Power and Politics (List by Jonathan Bennett)
It's not all crooked cops and murder in Jonathan Bennett's novel Entitlement, which is also a gripping examination of power and politics in Canada. On the occasion
of the upcoming federal election, Jonathan has provided us with a few more books to round out our literary education in power and politics. And it's not all crooked cops and murder here either-- check out the range, from poetry to comic fiction, and non-fiction with intentions noble and/or scandalous. Truly, there is something for everyone.
1) Power Politics: poems, Margaret Atwood
This seminal volume was first published in 1971. Happy 40th birthday. Yes, it’s been that long. Wondering what’s changed? Best to re-read it…
you fit into me/ like a hook into an eye
a fish hook/ an open eye
2) The Eatons: The rise and fall of Canada's royal family, Rod McQueen
This multigenerational look at the life and times of one Canada’s great families is a must read. Now, if we could just keep our important national stories in print in Canada, there’s a better chance of us learning from the past (RIP Stoddart…). Is there a lesson here beyond the obvious: that it’s always the latter generations that seem to lose it all?
3) King John of Canada, Scott Gardiner
The most un-Canadian book about Canada’s culture, history, power structure and institutions ever written. Its brazen satire and, often, farce, make this a romp of a read. But, as only a novel can, it speaks the truth to power by saying the very things we do not like to think, say nothing of utter: “Maybe the rest of Canada should hold a referendum on whether or not Quebec can stay in the confederation.”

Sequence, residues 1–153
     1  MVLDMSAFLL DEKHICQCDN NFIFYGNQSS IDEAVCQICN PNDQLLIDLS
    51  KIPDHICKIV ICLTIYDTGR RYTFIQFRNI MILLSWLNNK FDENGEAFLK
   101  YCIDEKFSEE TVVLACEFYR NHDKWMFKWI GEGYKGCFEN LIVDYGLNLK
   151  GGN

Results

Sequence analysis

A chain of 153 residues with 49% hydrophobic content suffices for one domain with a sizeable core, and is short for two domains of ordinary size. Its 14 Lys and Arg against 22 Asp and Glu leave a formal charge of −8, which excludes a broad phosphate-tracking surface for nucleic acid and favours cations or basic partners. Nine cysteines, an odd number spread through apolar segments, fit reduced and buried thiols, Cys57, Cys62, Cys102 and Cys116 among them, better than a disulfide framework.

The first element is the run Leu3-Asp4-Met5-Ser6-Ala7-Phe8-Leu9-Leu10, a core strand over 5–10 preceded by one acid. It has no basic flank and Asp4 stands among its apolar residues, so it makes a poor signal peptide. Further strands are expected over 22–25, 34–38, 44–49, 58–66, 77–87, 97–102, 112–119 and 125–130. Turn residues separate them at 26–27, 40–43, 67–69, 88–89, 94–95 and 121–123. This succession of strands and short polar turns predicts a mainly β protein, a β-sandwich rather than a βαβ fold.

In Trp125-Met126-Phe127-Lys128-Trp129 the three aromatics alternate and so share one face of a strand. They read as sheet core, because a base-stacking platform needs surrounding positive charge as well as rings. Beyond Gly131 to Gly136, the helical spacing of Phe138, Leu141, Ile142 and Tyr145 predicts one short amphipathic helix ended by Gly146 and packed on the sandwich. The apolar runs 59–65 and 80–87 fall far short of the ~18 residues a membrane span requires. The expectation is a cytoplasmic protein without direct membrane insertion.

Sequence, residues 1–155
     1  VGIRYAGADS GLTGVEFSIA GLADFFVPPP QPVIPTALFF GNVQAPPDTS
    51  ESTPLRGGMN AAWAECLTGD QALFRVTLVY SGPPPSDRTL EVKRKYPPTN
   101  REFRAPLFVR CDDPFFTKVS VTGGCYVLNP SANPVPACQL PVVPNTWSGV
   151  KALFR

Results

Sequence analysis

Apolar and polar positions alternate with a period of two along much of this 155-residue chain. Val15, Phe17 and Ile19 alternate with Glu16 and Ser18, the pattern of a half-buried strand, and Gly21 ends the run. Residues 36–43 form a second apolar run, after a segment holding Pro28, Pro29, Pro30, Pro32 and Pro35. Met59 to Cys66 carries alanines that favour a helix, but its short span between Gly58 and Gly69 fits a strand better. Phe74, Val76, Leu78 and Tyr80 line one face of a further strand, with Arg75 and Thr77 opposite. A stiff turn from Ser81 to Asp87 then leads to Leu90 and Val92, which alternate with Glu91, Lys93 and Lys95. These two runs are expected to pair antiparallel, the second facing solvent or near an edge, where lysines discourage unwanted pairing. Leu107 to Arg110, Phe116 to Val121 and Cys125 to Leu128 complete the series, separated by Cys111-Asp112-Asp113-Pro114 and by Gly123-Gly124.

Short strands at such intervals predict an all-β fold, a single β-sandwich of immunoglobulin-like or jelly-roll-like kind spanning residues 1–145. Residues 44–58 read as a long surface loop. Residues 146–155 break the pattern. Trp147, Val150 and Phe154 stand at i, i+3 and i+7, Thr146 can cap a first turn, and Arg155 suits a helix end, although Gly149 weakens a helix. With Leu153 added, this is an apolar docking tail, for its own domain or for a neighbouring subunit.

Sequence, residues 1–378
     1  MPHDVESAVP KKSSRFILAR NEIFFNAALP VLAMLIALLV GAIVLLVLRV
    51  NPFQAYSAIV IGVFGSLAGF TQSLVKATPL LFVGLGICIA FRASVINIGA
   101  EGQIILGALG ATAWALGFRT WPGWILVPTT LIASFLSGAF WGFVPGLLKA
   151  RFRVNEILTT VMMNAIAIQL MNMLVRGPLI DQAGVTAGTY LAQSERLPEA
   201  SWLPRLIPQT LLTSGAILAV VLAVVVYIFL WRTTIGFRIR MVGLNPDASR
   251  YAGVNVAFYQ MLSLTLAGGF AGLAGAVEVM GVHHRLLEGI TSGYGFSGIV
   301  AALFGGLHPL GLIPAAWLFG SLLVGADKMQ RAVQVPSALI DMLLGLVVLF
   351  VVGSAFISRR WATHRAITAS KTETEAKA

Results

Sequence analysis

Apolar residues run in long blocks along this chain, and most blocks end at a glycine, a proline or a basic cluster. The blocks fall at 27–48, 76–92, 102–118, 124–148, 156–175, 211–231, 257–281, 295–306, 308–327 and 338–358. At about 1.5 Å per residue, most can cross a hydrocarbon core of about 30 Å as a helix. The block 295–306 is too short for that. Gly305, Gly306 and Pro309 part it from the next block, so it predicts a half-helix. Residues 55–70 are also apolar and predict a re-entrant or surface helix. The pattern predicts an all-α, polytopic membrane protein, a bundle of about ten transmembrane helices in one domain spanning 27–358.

4) On The Take: Crime, Corruption And Greed In The Mulroney Years, Stevie Cameron
This, now classic, in Canadian investigative non-fiction was a revelation when it was published in 1994 (Bring back MW&R!) And, of course, the tentacles of its story continue to tickle the present-day version of the conservative party. Unafraid and unapologetic books that confront power in Canada to this extent are all too rare.
5) An Imperfect Offering: Humanitarian Action in the Twenty-first Century, James Orbinski
This deeply affecting memoir brings the reader not just to the front lines of war and poverty, but it is also expansive and open-hearted about the role organizations such as MSF can, must, play in our world. We are Canadians at home and abroad, and confront power in both places equally.